He had yet to notice me or the 20 or so potentially tasty morsels wrapped in fleece, down and Gore Tex standing close by. My heart pounded as he stopped about 40 meters away and squinted in our direction. I hurriedly took several photos, then looked around and figured I could probably outrun the short, round woman standing next to me.
Fortunately for her, and possibly for me, he made a sharp left turn and headed directly for the water. We weren’t in any real danger as long as we followed Katya’s advice (one of the Russian naturalists on board our ship); “stay together and don’t run.” I don’t remember her suggesting that we knock someone over in panic, but I kept that option in reserve just in case.
This was only one of many polar bear sightings in our 4+ days on and around Wrangel and Herald Islands on Heritage Expeditions’ Across the Top of the World adventure cruise. Some sightings were from our ship, the Professor Khromov (I love the Russian tradition of naming ships after professors; after an academic career of almost 40 years, my greatest honor was having a sandwich named after me by the local deli where I usually ate lunch). Other sightings, while we were on land or in the Zodiacs, were several hundred yards away on the tundra or even further on distant ridges.
Better were the close up views from the Zodiacs of bears on the beach or on a snow patch on a slope just a few meters above the beach. Best of all was watching a mom and her two cubs from the boat as they explored an ice floe. Unlike our jumpy friend on the beach she seemed unfazed by our presence and sidled up to the edge of the floe as the Professor slipped slowly by. Maybe her agent had negotiated a hefty appearance fee with Heritage Expeditions.
The bears were only the third act (or fourth if you’re a birder) in an impressive wildlife production that has been running almost from Day 1 of our trip. It started with the bird cliffs (more on that shortly) on Day 1, then grey and humpback whales on Day 2, followed by walruses on Day 3, then more walruses and our first polar bears on ice floes as we approached Wrangel Island on Day 4. The bear on the beach on Day 5 seemed to open up the ursine floodgates, which reached its peak on or near by Herald Island on Day 7 (almost 30 by most estimates).
About the birds. I’m not a birder. Picking out and naming specific breeds, species, etc., is not my thing, though I will admit a special affection for the Puffin, tufted or not. But you don’t have to be a birder to appreciate the bird cliffs we saw close by almost every day from the Zodiacs. They’re sort off like an avian Manhattan with high rise condos occupied by birds of all kinds, apparently living together in relative harmony aside from occasional bickering and outbursts of road rage (“air rage”?). At one point I just leaned back in the Zodiac and watched them dart, dive and soar above me, accompanied by a surround sound of cackles and screeches.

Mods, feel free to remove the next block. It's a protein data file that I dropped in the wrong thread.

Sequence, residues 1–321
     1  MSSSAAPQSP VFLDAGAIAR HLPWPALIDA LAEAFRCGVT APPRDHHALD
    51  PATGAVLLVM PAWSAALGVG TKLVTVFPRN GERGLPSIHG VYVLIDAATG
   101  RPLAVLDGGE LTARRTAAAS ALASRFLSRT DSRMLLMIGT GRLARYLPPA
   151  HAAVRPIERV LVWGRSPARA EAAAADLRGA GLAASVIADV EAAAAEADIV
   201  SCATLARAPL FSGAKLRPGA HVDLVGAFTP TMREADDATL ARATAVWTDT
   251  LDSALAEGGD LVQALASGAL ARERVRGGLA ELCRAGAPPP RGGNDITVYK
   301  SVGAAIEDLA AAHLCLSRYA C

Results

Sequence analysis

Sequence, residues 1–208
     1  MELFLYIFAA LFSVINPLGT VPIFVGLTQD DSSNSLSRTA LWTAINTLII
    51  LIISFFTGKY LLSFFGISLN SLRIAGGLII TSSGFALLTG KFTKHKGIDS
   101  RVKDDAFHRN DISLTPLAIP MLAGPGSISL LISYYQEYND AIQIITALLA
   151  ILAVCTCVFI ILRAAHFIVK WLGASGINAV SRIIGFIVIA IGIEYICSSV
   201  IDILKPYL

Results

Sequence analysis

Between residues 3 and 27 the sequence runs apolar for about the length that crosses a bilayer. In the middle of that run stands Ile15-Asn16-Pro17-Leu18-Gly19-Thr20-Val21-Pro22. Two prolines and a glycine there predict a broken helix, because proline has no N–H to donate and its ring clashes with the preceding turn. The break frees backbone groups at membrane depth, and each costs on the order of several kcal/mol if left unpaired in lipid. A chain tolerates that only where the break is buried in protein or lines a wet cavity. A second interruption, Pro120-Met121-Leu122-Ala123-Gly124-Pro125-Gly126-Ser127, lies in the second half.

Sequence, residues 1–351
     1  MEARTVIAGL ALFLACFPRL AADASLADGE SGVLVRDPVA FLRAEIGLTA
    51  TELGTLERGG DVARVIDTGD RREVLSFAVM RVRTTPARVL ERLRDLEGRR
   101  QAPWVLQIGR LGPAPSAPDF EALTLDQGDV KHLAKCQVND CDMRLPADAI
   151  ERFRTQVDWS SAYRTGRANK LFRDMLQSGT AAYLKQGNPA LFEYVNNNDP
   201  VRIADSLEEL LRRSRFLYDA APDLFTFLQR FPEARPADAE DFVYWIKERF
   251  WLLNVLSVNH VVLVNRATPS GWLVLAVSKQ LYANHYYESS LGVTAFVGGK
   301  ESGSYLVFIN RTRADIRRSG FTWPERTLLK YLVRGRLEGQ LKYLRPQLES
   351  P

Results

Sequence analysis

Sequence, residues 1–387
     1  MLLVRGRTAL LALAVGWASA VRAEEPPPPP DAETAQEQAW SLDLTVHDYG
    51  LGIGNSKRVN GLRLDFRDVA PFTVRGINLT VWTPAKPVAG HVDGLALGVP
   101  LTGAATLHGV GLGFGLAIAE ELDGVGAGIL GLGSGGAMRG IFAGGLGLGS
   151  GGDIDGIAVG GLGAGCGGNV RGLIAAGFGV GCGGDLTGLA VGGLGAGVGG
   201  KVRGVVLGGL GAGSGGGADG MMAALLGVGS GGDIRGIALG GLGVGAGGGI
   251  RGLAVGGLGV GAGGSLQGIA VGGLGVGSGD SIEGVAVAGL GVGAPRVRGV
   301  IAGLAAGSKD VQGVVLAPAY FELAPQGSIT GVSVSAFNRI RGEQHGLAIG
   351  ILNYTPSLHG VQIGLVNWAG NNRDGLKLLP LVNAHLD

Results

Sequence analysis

And there was even more. Tundra hikes in the long shadows of a never ending dusk, a stroll through Whalebone Alley, an evocative site of whale skulls, pelvises, and jawbones with some undetermined archeological significance. Or maybe the ancient Inuits were just having a bit of fun fooling around with the egos and pretensions of future scholars. Daily lectures on animals, ice, history and current issues and challenges by the crew and staff, as well as by several Russian rangers and naturalists who came on board in Wrangel, added intellectual depth to what we were seeing and experiencing.
Visits with indigenous people were another bonus, including to the very nontraditional town of Laurentiya. At first it looked like a gloomy relic from the Soviet era, with belching smoke stacks, large apartment blocks, and a statue of Lenin prominently displayed in the town square. Then I noticed the gaily-painted sides of the newer buildings, the colorfully painted, repurposed old tires in a playground, and the smiling faces of the kids waving to us from the schoolyard as we walked by.As a geezer from the US and a grandchild of Russian/Ukrainian émigrés who fled the pogroms at the end of the 19th Century, it’s intriguing to speculate on a possible alternative personal history and to view the long history of US/Russia relations from the other side. At a time when the relationship between the two super powers seems to be chilling yet again, I was warmed by the hospitality of the Russian people we met as they told us about their country and their lives.
…and by the sunset on our last night that warmed this remote and wild land.
(Don’s trip was hosted by Heritage Expeditions. For more info on the ship, food, and other details, make sure to check the blog in a few days)